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Effects of a simple home exercise program and vitamin D supplementation on health-related quality of life after a hip fracture: a randomized controlled trial
Renerts K, Fischer K, Dawson-Hughes B, Orav EJ, Freystaetter G, Simmen HP, Pape HC, Egli A, Theiler R, Bischoff-Ferrari HA
Quality of Life Research 2019 May;28(5):1377-1386
clinical trial
6/10 [Eligibility criteria: Yes; Random allocation: Yes; Concealed allocation: Yes; Baseline comparability: Yes; Blind subjects: No; Blind therapists: No; Blind assessors: Yes; Adequate follow-up: No; Intention-to-treat analysis: No; Between-group comparisons: Yes; Point estimates and variability: Yes. Note: Eligibility criteria item does not contribute to total score] *This score has been confirmed*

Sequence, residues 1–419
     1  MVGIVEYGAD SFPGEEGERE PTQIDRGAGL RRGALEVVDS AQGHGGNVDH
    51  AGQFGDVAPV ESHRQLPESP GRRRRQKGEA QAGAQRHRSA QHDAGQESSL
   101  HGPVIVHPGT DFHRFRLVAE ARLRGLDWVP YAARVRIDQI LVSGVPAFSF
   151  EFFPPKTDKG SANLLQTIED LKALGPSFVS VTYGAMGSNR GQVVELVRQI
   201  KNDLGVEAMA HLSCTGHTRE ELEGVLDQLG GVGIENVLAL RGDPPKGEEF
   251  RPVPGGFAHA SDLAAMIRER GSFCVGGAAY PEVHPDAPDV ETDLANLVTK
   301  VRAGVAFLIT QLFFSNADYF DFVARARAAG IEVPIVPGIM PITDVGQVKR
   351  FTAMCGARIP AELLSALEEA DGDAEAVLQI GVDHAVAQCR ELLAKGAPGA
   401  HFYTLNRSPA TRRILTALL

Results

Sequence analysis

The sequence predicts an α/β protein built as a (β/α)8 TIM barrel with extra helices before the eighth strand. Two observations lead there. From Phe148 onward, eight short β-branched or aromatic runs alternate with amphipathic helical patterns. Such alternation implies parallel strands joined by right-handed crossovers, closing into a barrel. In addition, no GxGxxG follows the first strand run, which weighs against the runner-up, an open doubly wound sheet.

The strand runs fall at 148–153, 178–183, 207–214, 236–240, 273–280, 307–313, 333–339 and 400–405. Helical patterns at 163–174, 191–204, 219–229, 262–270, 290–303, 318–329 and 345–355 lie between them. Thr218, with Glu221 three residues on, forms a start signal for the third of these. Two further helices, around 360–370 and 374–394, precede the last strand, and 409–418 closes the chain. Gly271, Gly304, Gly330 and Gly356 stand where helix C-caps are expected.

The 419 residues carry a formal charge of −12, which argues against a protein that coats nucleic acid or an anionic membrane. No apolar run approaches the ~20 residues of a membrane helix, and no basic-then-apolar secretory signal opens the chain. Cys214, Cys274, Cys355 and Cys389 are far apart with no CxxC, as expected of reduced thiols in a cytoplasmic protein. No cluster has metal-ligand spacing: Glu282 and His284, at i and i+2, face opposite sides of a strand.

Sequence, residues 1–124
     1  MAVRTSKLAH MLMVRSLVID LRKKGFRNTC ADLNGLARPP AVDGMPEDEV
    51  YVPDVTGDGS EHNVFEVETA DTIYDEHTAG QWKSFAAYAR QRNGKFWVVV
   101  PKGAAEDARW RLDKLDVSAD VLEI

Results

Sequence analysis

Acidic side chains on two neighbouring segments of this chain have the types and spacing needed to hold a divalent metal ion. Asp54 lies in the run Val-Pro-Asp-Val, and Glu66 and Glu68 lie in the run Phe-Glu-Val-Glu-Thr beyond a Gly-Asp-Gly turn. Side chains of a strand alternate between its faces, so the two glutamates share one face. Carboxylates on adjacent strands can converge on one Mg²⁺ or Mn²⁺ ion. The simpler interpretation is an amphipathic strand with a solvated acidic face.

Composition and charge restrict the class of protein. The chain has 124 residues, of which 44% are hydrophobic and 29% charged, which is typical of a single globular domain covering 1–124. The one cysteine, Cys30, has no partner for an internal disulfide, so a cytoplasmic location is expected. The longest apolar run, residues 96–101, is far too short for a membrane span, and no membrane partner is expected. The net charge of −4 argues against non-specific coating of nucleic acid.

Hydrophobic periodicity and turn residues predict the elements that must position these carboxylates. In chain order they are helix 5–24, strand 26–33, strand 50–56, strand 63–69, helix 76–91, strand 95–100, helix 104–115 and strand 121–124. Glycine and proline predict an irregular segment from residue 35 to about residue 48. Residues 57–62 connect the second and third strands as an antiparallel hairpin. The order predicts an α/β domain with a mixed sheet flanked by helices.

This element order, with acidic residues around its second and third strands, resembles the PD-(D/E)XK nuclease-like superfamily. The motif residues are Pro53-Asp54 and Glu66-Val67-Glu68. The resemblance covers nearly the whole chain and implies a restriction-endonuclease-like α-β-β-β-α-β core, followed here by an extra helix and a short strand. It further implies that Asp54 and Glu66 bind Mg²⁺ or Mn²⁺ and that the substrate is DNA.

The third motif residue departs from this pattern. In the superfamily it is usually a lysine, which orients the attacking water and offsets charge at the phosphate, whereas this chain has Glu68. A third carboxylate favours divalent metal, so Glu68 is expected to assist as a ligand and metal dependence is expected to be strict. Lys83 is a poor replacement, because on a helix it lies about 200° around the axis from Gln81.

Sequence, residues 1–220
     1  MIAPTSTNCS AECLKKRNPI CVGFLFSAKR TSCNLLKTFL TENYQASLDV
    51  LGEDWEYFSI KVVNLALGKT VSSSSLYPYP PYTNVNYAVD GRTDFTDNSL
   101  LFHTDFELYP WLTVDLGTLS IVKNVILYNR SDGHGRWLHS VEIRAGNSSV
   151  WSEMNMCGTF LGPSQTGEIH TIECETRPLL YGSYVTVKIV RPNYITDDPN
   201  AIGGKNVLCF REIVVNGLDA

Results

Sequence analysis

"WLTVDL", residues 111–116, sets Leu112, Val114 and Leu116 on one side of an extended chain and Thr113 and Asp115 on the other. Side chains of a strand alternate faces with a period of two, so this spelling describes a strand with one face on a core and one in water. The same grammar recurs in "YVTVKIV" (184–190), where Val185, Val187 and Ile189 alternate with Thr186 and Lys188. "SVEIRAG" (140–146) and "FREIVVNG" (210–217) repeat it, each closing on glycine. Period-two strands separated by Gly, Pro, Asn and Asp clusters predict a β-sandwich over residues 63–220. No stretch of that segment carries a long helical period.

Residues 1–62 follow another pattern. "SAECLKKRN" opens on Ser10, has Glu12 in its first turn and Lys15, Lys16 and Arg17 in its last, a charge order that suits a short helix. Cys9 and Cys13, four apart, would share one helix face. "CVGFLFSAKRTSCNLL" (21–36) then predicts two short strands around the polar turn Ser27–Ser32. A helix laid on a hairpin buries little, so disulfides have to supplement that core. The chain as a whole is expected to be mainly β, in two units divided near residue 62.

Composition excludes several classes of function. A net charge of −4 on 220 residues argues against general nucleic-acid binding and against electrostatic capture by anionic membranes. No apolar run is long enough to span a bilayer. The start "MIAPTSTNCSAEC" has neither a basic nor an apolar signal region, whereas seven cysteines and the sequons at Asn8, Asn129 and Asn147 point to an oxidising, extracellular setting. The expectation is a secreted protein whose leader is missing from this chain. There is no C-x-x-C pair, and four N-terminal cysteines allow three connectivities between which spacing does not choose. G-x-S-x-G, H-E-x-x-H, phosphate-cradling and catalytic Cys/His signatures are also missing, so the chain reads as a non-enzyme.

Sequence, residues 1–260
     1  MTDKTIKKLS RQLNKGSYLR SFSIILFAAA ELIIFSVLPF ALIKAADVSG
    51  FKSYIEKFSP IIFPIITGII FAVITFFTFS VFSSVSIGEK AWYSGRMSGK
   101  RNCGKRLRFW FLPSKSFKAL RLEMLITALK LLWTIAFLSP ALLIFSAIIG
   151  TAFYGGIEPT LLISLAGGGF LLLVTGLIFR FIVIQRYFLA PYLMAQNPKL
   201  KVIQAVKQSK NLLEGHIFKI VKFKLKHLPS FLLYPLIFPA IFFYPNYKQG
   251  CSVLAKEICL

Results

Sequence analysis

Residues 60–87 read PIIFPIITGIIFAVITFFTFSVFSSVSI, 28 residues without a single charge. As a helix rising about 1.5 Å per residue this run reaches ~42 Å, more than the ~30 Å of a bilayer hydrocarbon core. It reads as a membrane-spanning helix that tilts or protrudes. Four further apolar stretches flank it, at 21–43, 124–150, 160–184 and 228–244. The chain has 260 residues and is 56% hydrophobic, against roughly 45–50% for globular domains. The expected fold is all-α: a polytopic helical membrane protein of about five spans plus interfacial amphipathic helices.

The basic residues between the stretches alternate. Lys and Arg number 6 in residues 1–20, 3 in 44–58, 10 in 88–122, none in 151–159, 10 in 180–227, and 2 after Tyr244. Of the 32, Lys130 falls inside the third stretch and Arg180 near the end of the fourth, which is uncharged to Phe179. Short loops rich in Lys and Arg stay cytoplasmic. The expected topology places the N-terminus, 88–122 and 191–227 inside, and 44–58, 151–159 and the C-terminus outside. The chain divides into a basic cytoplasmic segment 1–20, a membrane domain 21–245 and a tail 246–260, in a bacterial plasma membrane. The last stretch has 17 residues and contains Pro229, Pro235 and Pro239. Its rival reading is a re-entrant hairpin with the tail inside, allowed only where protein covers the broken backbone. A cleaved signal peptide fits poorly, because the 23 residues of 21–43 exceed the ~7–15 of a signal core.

PURPOSE: To test the effects of vitamin D intervention and a simple home exercise program (HE) on health-related quality of life (HRQL) in the first 12 months after hip fracture. METHODS: HRQL was reported in 173 acute hip fracture patients (mean age 84 years, 79% females, 77% community dwelling) who were enrolled in the 12-month 2 x 2 factorial Zurich Hip Fracture Trial. Pre-fracture HRQL was assessed at baseline (4.2 +/- 2.2 days post-surgery) and then again at 6 and 12 months after hip fracture surgery by the EuroQol EQ-5D-3L index value (EQ-5D-3L questionnaire). The effects of vitamin D intervention (2000 versus 800 IU vitamin D3) and exercise (HE versus no HE) or of the combined interventions on HRQL were assessed using multivariable-adjusted repeated-measures linear mixed-effects regression models. RESULTS: The EQ-5D-3L index value significantly worsened from 0.71 pre-fracture to 0.57 over 12 months, but the degree of worsening did not differ between individual or combined interventions. However, regarding only the late recovery between 6 and 12 months, the group receiving neither intervention (800 IU/day and no HE) experienced a significant further decline in the EQ-5D-3L index value (adjusted mean change 0.08 (95% CI 0.009 to 0.15), p = 0.03) while all other groups remained stable. CONCLUSION: Hip fractures have a long-lasting negative effect on HRQL up to 12 months after hip fracture. However, HE and/or 2,000 IU vitamin D per day may help prevent a further decline in HRQL after the first 6 months following the acute hip fracture event.

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